Let’s explore the benefits of vertical TMR (Total Mixed Ration) mixers for feeding beef cows during different stages of the production cycle. Due to the high cost of forage, and feed production in general, as well as ever decreasing profit margins, cow-calf producers are increasingly recognizing the benefits of owning a TMR mixer, especially a “vertical” TMR mixer that is capable of processing baled forages to decrease feed waste and increase animal performance.
Forage selection meets requirements, but creates waste: Beef cattle have a limited capacity to consume forage fiber to meet their nutritional requirements, and thus have an instinctive drive to compete for the most palatable and nutrient rich feed available. This selection behavior also acts to ensure the nutritional composition of the consumed feed is sufficient to meet requirements when the average composition of the feed is insufficient, as is often the case when “beef quality” hay is fed.
Fortunately, most baled forage contains a mix of plants with a range of maturity and nutritional value. Furthermore, among the plants, leaves tend to have higher nutritional value than the stems; this is especially true for alfalfa (Table). By avoiding the coarser, lower quality material (older plants and stems) and concentrating on consuming younger and leafy material, individual animals “re-balance” the feed offered into a diet that meets, or even exceeds, their immediate nutritional requirements. The lower quality material is left behind as waste.
Meeting needs with a TMR mixer: Moving from free-choice forage feeding to TMR feeding transfers the responsibility for “balancing the ration” from the cow to the producer, as the goal of using a TMR mixer is to minimize the ability of the animal to select or sort the feed ingredients. Thus, for optimal TMR feeding it is important for all ingredients, and especially from different fields and cuttings, to be analyzed for nutritional composition. In many areas feed company representatives or extension agents are happy to assist with this step, which is recommended even if feeding baled forages free-choice.
Once the forages have been analyzed, bales that are nutritionally the most appropriate for feeding to a group of animals at any given stage of production can be selected and combined to make a mix that meets the requirements of the animals. With a vertical mixer, they are then processed down to a particle size that will minimize sorting and selection and fed out in a way that will ideally permit all animals to eat at the same time, with a minimum of ground loss (e.g. simple stationary or moveable feeders). In this way one can expect almost complete consumption of the bales that are fed.
To improve efficiency further, one can formulate a mix at about 110% of requirements and then restrict feeding to 90% of the normal intake. As long as the cows can all eat at the same time, rate of eating will be increased and the potential for waste essentially eliminated due to competition, even with ground feeding.
If the quality of the forage is less than required, cost-effective energy and/or protein supplements can be added to meet requirements and make efficient use of the poorer quality forages. If forage quality is greater than needed, it can be diluted with poorer quality forage such as straw, or limit fed according to requirements, to minimize cost and prevent waste.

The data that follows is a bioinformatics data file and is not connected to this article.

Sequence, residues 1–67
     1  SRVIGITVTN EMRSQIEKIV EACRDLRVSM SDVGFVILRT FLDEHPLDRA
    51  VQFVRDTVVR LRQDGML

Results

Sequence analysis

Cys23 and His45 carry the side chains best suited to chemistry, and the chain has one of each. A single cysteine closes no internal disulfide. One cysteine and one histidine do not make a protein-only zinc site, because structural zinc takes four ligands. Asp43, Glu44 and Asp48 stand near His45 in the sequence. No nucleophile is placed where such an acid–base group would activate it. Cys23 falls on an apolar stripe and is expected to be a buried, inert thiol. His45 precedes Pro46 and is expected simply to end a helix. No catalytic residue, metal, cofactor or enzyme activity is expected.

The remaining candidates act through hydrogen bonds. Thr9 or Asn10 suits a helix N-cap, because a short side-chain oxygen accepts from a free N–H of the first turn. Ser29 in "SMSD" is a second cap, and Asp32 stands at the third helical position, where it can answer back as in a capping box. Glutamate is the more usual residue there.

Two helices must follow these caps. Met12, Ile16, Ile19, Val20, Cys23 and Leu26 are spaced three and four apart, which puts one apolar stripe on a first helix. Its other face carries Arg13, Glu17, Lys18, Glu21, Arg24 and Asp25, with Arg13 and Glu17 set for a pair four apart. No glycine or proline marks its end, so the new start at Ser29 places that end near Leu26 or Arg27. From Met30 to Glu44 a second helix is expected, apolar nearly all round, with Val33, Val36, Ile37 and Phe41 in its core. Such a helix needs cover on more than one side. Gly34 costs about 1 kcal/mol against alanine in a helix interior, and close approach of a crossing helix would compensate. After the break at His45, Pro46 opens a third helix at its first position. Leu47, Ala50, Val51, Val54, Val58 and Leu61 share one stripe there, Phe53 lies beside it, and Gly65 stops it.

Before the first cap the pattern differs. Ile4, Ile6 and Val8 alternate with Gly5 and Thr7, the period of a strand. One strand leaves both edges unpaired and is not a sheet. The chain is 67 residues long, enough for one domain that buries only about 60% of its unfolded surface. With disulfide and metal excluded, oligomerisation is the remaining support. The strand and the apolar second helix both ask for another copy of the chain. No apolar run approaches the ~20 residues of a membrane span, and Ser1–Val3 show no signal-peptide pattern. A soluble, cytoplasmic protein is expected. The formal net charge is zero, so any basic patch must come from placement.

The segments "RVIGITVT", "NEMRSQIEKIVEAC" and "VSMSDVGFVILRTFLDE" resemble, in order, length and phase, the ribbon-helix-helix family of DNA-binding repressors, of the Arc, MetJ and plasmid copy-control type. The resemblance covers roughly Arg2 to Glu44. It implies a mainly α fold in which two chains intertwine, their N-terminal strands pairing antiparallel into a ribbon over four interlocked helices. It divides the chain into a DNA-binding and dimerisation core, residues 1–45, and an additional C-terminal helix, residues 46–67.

This demonstrates one of the greatest benefits of a TMR mixer, its scale system, which enables accurate weighing and batching of ingredients, and delivery of feed according to nutritional requirement. It provides the first requirement for improving nutritional and economic performance, for as it’s often said “if you don’t measure it, you can’t manage it”.
In summary, a vertical TMR mixer can virtually eliminate the costly waste and performance limitations of feeding forage as bales, potentially reducing forage needs by up to 50%. Though this may seem high, it is the number most often quoted by Jaylor customers that switch to using a TMR mixer for feeding beef cows. TMR feeding creates a more uniform nutritional intake across the herd, and in doing so can be expected to increase both health and performance of the cow-calf herd … Because Nutrition Matters.
Unless sufficient forage is provided, more of the coarse material will be consumed, at the expense of meeting nutritional requirements, and reproductive and growth performance suffer. Assuming nutritional requirements are to be met, it will take an increasing amount of waste to meet requirements as forage quality declines, up to one-third when feeding full bloom alfalfa (Table). Levels of waste with grass hays can be even greater because of a smaller difference in quality between leaves and stems in grasses versus alfalfa.
When forage selection losses are combined with palatability losses due to weathering and mold, as well as ground losses due to feeding method, it is easy to see how overall, nutritional waste from bale feeding easily ranges from 30 to 50 percent. Further losses occur due to variable intake between animals which reduces aggregate reproductive and growth performance; this will be discussed in a subsequent article.
Table: Alfalfa composition by stage of maturity, and feeding rate required to permit animals to equalize intake TDN composition by selecting against consuming stems.
|Stage of maturity||Vegetative||Bud||10% Bloom||Mid-Bloom||Full Bloom|
|Leaf TDN (%DM)||80||80||80||80||80|
|Stem TDN (%DM)||52||46||42||37||32|
|Total TDN (%DM)||68||64||62||58||54|
|Feed Rate (% Bud)||94||100||115||130||150|
Adapted from scientific literature.
Animals cannot respond to decreasing forage quality by increasing intake.
Editor’s Note: This article first appeared in American Cattlemen, March 2014 issue. It has been updated for accurateness and adapted to this format.